In my world, Swarm Intelligence is complicated. So I needed to ask some questions:Question: How do Digital Ants work? Are they similar to local anti-virus scanners? Dr. Fulp's answer: Ants migrate about the system checking for evidence. The evidence is typically a simple check (network statistics, process-table info), and different ant populations check for different things. If an ant finds something abnormal, it leaves a pheromone trail which will attract more ants to the same computer. Given more ants (which provide different pieces of information), a clearer understanding of the threat can be obtained. This is different from an AV program, since they have to continuously run all the scans (looking for the different pieces of evidence). Using our approach, the population of ants can change based on the threat level. Question: On the surface, the Digital Ant, Sentinel, and Sergeant relationship appears sophisticated. Could you please explain how it works? Dr. Fulp's answer: Ants are simple agents that check for a piece of evidence (malware) and leave pheromone (so other ants can locate the evidence) if malware is found. Sentinels reside on individual computers and interact with ants to discover any threats based on the ants' findings. Sergeants interact with Sentinels and can observe changes over multiple computers. Question: When Digital Ants are checking for evidence, how do they know if a particular parameter is out-of spec? Is an initial system footprint taken? Dr. Fulps' answer: Yes, the Sentinel has to be initially trained to understand "normal". Question: How are more Digital Ants created? Dr. Fulp's answer: If an ant is successful (its evidence is helpful in finding a threat) then it is duplicated, if not it dies. Of course a base population of ants is maintained. Question: You mention the Digital Ant gets rewarded or it dies. In software-speak; does that mean a counter/timer is incorporated in the Digital Ant? With death occurring when the counter/timer is not reset? Dr. Fulp's answer: The Digital Ant actually lives as long as it has "energy" which is supplied to it if it is rewarded. If unsuccessful, then the energy will exhaust and the ant terminates. Question: What is the software equivalent of the term pheromone? Is it a software tag or pointer informing other Digital Ants what to focus on? Dr. Fulp's answer: Yes, for the current implementation it is a file provided by the Sentinel, it can be digitally signed to prevent alteration by malware. Question: Is Digital Ant technology network-based or can it function on an individual computer? Dr. Fulp's answer: This technology is intended for use on a network, but could be a set of VMs in a single computer. Question: An anti-virus developer employs what they call Collective Intelligence; is Swarm Intelligence similar? Dr. Fulp's answer: Similar ideas, the difference being a collection of agents provides information that an individual agent cannot. Question: The Sentinel resides on the local host. What prevents it from being corrupted by malware? Dr. Fulp's answer: The Sergeant has to verify if the Sentinel is behaving correctly. The system is not perfect. One approach is to use digital signatures to prove the code has not been corrupted. Question: TechRepublic members were concerned about Collective Intelligence relying on a single "in-the-cloud" source for management and malware diagnosis. Is Swarm Intelligence a more secure approach? Dr. Fulp's answer: I think it is a more scalable and robust design. One drawback is speed, as these systems require some time to ramp-up and down. Still, I think it's a worthwhile approach for the massively parallel systems we will face in the future. Final thoughts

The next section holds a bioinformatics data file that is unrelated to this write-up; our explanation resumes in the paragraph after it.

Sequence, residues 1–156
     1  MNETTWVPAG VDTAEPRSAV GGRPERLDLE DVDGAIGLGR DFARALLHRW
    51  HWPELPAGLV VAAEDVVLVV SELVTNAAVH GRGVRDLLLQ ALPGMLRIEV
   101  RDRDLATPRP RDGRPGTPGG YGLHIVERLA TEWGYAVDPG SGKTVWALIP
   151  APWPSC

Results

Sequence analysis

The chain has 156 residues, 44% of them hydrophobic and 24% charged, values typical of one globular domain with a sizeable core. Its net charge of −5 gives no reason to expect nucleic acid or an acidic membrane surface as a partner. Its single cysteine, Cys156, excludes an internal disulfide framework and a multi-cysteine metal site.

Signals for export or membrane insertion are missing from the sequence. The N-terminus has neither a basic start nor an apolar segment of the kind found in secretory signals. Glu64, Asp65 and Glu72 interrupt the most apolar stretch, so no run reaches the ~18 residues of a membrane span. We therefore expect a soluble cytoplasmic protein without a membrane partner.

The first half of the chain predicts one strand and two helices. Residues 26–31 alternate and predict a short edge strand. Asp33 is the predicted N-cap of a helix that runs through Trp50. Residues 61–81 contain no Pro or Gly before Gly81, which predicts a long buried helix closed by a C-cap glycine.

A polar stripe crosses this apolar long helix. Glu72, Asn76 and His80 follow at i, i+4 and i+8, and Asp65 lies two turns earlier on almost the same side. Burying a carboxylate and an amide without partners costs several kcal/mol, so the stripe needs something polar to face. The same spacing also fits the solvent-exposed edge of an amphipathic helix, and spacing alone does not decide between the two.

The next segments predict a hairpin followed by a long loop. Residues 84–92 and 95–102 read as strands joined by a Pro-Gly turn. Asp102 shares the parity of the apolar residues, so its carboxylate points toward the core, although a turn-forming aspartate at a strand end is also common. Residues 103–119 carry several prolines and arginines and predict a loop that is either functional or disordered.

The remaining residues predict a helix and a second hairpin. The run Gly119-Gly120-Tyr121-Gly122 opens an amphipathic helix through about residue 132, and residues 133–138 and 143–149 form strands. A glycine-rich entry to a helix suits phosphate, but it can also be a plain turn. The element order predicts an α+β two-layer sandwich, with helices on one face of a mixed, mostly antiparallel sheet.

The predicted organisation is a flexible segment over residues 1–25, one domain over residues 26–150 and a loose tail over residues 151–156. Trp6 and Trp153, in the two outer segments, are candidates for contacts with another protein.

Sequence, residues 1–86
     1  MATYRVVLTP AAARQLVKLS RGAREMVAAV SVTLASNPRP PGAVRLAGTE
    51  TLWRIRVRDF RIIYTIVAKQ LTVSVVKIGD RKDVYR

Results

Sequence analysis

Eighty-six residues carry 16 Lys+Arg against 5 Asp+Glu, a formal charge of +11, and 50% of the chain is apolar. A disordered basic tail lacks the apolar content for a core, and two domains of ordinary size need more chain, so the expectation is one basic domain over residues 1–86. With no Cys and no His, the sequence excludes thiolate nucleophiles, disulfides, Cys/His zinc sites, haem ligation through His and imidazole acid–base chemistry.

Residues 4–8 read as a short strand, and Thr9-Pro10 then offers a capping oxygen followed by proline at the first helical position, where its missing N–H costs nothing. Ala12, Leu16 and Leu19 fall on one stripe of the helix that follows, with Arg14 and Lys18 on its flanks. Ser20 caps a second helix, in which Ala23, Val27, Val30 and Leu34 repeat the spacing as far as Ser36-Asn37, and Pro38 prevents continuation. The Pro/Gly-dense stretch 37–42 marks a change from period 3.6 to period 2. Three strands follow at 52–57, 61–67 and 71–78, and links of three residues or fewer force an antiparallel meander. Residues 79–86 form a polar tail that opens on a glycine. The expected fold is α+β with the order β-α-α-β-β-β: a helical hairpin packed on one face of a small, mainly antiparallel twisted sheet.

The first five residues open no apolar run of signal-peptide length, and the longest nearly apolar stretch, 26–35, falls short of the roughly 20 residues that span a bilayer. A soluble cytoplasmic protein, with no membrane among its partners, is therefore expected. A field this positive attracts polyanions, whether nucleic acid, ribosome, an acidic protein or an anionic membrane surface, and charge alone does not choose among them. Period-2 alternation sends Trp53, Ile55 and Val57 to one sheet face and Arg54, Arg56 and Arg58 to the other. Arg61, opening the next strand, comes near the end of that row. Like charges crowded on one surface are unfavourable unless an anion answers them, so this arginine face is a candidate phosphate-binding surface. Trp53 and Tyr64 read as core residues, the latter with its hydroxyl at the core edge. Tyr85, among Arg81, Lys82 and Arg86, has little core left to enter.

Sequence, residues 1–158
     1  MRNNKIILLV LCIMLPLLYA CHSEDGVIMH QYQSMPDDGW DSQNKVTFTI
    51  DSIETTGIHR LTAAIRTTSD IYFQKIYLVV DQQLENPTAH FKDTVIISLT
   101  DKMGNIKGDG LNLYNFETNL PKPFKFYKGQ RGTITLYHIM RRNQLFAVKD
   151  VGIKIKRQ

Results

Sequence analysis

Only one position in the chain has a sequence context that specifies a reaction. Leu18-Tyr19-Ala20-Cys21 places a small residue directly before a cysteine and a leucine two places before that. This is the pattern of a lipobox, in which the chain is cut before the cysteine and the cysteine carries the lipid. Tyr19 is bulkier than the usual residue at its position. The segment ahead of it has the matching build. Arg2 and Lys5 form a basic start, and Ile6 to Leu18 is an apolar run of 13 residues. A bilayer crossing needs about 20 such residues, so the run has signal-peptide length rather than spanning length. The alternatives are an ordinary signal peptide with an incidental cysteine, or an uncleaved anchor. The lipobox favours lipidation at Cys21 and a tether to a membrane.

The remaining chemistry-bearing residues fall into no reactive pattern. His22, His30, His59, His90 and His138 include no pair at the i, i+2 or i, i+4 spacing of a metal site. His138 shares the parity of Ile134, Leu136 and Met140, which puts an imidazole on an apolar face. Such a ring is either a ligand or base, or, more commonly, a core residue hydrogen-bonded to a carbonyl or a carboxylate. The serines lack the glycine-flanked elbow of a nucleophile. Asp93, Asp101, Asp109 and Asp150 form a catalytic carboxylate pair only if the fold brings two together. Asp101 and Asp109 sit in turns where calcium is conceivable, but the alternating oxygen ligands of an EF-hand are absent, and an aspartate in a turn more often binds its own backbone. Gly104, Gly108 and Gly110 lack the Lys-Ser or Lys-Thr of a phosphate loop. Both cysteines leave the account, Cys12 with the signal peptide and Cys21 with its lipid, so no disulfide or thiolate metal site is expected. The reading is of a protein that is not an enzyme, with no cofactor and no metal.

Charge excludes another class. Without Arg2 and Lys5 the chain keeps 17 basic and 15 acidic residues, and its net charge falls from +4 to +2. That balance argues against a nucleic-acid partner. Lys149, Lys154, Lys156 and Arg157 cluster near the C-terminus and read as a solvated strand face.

This past summer, Dr. Fink invited Dr. Fulp and Wake Forest graduate students Wes Featherstun and Brian Williams to PNNL to test the theory on a live network. The results were encouraging; every time Dr. Fulp introduced a worm into the network, the Digital Ants successfully located it. I find that uniquely telling; technologists are learning from Nature.
I would like to thank Dr. Fink, Dr. Fulp, Mr. Featherstun, and Mr. Williams for their part in Swarm Intelligence. A special thanks to Dr. Fulp for taking the time to answer my numerous questions.
Michael Kassner is currently a systems manager for an international company. Together with his son, he runs MKassner Net, a small IT publication consultancy.